Heist Template Abstractions in a Nutshell

In the last post I discussed how logic and control flow can (and I argue should) be done in splices where types, higher order functions, and the full power of Haskell can be applied to the problem. In this post I want to take some time to think about the raw materials that are available in templates.

At the lowest level, we have just Text (...which is certainly /= Nothing). The templates are read in as Text and parsed into HTML DOM structures: elements, children, and attributes. Heist's abstractions for these entities are roughly analogous to the lambda calculus. The lambda calculus primitives are function definition and function application. HTML structures don't have any kind of representation for functions, so Heist uses lists of DOM tree nodes as the fundamental unit. Two different ways of representing them are splices and templates. The following table summarizes Heist's HTML abstraction tools.

Definition Application
Splices <bind> use the tag
Templates file on disk <apply>

To define a splice, use the bind tag. To define a template, create a file on disk. To apply/evaluate a splice, just use the tag that you bound. To apply/evaluate a template, use the apply tag. The Heist tutorial has the details on how to use <bind> and <apply>. Splices and templates can both be thought of as functions because their methods of application allow data to be passed in to modify the output.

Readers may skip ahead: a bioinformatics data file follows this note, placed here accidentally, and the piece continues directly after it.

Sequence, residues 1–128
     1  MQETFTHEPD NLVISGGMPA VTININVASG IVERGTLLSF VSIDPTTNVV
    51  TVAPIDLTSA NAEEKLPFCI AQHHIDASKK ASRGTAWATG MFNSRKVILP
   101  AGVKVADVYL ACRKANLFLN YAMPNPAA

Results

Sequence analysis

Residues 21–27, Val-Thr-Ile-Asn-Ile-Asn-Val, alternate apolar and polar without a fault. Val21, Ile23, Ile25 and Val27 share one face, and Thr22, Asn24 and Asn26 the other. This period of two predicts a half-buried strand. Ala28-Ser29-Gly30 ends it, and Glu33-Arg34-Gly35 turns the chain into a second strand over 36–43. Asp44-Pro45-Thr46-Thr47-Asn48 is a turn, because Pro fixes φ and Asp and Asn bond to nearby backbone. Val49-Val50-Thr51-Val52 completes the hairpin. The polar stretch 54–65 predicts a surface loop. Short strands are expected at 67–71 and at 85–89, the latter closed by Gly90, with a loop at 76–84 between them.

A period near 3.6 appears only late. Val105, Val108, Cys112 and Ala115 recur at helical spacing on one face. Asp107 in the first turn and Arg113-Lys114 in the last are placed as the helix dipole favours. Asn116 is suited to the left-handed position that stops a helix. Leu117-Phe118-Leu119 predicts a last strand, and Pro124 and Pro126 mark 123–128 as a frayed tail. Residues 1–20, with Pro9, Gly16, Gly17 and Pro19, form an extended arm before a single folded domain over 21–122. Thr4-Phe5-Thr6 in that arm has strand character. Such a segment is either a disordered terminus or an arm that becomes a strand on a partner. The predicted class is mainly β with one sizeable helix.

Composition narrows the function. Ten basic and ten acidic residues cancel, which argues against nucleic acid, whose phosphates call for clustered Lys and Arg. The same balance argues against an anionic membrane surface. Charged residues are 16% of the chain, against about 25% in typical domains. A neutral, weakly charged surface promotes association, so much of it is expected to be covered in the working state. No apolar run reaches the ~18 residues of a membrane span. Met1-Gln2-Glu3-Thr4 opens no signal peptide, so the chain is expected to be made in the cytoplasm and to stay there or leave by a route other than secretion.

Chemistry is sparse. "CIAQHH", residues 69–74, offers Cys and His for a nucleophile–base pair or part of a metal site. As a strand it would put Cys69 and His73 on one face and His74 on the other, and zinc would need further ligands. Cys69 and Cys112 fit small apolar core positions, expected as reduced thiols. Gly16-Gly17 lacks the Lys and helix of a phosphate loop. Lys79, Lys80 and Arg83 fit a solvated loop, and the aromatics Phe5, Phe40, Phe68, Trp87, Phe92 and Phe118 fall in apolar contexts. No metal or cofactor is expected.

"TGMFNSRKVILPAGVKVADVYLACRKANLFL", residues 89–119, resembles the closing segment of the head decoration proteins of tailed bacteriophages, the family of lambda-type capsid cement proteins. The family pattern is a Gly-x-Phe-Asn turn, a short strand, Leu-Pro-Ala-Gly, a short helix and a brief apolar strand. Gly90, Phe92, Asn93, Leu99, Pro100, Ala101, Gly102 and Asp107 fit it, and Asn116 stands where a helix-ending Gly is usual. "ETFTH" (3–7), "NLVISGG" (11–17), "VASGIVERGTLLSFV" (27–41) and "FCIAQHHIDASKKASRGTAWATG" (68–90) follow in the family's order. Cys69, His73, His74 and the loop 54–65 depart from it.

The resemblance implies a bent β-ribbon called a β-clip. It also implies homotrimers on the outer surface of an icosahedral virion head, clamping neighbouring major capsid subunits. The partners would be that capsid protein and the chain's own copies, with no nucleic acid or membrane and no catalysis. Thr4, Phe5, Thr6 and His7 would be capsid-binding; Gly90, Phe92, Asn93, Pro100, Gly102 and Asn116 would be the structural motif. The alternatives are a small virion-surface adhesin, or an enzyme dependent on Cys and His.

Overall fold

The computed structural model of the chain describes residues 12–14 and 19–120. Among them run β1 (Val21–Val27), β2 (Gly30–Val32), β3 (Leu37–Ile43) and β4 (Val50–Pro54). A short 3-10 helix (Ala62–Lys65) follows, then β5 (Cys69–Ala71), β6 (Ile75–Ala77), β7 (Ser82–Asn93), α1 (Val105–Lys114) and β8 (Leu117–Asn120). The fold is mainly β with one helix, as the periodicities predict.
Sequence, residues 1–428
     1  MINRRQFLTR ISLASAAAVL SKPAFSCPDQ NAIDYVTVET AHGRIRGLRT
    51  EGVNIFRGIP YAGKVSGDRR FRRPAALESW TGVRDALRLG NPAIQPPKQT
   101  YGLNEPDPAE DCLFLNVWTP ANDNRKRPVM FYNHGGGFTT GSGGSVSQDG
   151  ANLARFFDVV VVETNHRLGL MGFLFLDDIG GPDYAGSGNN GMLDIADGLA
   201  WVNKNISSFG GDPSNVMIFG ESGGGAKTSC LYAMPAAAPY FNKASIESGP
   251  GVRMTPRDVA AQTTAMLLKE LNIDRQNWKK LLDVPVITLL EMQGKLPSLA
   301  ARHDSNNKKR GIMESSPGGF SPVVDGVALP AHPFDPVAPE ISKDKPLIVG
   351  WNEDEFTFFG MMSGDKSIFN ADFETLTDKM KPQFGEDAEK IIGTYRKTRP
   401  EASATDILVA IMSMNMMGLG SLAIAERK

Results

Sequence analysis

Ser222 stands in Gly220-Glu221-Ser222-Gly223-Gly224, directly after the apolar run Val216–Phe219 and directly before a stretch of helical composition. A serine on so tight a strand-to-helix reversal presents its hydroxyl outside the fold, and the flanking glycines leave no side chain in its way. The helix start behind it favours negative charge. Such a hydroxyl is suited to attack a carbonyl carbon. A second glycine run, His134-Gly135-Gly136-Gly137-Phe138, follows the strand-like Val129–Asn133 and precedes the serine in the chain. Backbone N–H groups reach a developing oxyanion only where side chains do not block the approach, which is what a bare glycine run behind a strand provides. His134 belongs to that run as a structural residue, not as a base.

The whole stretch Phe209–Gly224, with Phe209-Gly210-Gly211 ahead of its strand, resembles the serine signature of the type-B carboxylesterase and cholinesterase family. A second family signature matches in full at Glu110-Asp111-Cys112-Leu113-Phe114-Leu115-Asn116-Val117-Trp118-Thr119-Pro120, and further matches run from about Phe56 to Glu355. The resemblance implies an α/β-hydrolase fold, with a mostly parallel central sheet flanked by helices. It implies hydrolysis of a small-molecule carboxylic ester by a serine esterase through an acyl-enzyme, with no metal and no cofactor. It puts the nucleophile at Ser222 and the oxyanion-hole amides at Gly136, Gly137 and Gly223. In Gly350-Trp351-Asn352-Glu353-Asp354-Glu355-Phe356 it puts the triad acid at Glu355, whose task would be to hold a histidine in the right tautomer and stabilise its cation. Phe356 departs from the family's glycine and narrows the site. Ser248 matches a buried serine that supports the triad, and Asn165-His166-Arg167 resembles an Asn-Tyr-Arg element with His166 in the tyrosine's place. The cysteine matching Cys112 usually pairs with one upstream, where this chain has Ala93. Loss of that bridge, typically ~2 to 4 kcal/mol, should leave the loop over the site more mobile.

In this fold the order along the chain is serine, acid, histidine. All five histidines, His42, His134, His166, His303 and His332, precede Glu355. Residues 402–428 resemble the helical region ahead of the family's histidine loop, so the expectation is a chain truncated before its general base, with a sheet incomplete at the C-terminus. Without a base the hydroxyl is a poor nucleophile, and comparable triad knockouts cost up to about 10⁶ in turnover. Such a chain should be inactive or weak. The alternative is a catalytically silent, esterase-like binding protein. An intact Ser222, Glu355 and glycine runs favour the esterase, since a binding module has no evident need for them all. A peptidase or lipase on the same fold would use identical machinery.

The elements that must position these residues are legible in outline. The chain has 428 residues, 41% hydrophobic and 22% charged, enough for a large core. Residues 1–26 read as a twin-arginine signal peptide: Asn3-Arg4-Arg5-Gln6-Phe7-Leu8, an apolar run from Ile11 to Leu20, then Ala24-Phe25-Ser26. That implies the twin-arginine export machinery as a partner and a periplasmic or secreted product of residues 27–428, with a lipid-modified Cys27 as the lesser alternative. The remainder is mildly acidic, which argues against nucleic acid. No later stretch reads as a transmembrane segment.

We've consciously avoided introducing generalized control flow that requires expressions and types--things that HTML is not suited for. But the abstractions that are available in templates work well with the primitives naturally available in the domain. This yields a powerful template system with syntax that designers already understand and can manipulate with existing tools.


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